In cases of heat stress caused by physical exertion, hot environments or protective equipment, prevention or mitigation by frequent rest breaks, careful hydration and monitoring body temperature, should be attempted. However, in situations demanding prolonged exposure to a hot environment or wearing protective equipment, a personal cooling system is required as a matter of health and safety. A variety of active or passive, personal, cooling systems exist which can be categorized by their power sources and whether they are man or vehicle mounted.
Due to the broad variety of operating conditions, a these devices must meet specific requirements, such as rate and duration of cooling, need for physical mobility and autonomy, access to power, and conformance with health and safety regulations. For example, active liquid systems operate on the basis of chilling water and circulating it through a garment that cools the skin surface area that it covers through conduction. This type of system has proven successful in certain Military, Law Enforcement and Industrial applications. Bomb disposal technicians wearing bomb suits to protect against an Improvised Explosive Device (IED) use a small, ice-based chiller unit strapped to their leg with a Liquid Circulating Garment, usually a vest, worn over their torso to maintain their core temperature at safe levels. By contrast, soldiers traveling in combat vehicles can face microclimate temperatures in excess of 65 °C and require a multiple user, vehicle-powered cooling system with rapid connection capabilities. Requirements for Hazmat teams, the medical community and workers in heavy industry will vary further.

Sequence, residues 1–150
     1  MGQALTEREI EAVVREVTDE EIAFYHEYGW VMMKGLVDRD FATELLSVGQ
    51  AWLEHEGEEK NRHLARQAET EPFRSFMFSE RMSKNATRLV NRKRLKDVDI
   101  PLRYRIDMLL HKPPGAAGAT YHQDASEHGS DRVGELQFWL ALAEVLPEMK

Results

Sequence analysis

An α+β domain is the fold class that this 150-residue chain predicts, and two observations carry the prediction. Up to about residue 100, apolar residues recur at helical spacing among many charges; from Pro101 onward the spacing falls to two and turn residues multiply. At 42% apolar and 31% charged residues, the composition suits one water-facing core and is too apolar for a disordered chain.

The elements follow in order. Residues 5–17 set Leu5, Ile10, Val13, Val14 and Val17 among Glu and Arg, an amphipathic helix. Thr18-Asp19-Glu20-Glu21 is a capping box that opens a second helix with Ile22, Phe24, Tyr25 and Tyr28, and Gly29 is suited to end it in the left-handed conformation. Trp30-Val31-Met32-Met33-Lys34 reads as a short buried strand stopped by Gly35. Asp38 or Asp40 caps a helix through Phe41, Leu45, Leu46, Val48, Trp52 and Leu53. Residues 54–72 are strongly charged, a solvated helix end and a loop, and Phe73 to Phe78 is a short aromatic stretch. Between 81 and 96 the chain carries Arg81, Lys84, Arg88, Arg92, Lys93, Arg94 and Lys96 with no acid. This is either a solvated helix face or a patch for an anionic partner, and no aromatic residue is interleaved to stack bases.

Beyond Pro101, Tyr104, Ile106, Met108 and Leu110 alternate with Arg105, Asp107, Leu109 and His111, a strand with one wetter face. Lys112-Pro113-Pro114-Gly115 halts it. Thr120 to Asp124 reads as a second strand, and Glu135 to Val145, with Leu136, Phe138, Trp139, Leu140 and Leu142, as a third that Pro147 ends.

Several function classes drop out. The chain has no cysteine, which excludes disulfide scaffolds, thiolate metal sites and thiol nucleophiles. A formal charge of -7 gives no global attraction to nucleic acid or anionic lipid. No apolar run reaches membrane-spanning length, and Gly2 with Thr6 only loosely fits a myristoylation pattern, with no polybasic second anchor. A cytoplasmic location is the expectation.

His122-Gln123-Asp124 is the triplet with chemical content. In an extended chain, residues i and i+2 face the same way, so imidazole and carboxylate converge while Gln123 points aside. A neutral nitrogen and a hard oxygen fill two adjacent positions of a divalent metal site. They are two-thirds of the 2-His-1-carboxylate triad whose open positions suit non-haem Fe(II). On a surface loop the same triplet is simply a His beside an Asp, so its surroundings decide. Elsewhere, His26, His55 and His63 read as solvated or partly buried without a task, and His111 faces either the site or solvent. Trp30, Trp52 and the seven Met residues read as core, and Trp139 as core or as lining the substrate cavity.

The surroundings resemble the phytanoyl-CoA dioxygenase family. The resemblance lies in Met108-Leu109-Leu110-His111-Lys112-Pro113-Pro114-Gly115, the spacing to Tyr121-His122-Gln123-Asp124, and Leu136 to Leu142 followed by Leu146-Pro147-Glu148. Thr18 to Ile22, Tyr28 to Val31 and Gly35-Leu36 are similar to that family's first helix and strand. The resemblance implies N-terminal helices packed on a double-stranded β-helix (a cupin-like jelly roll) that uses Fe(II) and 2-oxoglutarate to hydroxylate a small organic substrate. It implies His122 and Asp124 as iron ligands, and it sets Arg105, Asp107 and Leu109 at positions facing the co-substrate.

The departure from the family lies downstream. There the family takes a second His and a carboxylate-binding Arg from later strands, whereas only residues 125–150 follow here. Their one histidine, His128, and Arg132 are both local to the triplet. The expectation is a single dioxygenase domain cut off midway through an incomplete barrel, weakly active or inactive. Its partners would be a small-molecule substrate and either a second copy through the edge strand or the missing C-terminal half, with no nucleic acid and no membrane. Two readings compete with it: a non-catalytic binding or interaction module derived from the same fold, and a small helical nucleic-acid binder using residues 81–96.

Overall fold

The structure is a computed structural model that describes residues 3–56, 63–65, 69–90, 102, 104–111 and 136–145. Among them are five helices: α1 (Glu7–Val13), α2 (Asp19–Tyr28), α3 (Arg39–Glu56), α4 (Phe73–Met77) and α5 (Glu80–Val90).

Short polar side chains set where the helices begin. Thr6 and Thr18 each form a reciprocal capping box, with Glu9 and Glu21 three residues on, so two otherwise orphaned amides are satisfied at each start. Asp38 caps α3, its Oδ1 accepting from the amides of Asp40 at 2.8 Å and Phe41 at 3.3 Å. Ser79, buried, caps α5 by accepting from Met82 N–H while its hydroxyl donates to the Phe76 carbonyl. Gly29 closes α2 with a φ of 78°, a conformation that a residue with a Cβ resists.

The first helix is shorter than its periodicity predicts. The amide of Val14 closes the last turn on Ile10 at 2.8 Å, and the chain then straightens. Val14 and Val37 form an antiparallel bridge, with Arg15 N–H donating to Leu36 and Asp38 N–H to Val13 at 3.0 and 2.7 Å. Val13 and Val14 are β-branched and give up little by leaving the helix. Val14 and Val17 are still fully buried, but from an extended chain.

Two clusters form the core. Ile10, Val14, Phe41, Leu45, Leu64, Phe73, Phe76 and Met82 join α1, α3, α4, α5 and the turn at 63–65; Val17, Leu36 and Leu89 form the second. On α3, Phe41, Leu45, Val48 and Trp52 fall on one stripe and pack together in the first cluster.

The underlying cause must be removed. Mild hyperthemia caused by exertion on a hot day may be adequately treated through self-care measures, such as increased water consumption and resting in a cool place. Hyperthermia that results from drug exposure requires prompt cessation of that drug, and occasionally the use of other drugs as counter measures. Fever-reducing drugs such as paracetamol and aspirin have value in treating hyperthermia.
When body temperature is significantly elevated, mechanical cooling methods are used to remove heat and to restore the body's ability to regulate its own temperatures. Passive cooling techniques, such as resting in a cool, shady area and removing clothing can be applied immediately. Active cooling methods, such as sponging the head, neck, and trunk with cool water, remove heat from the body and thereby speed the body's return to normal temperatures. Drinking water and turning a fan or dehumidifying air conditioning unit on the affected person may improve the effectiveness of the body's evaporative cooling mechanisms (sweating).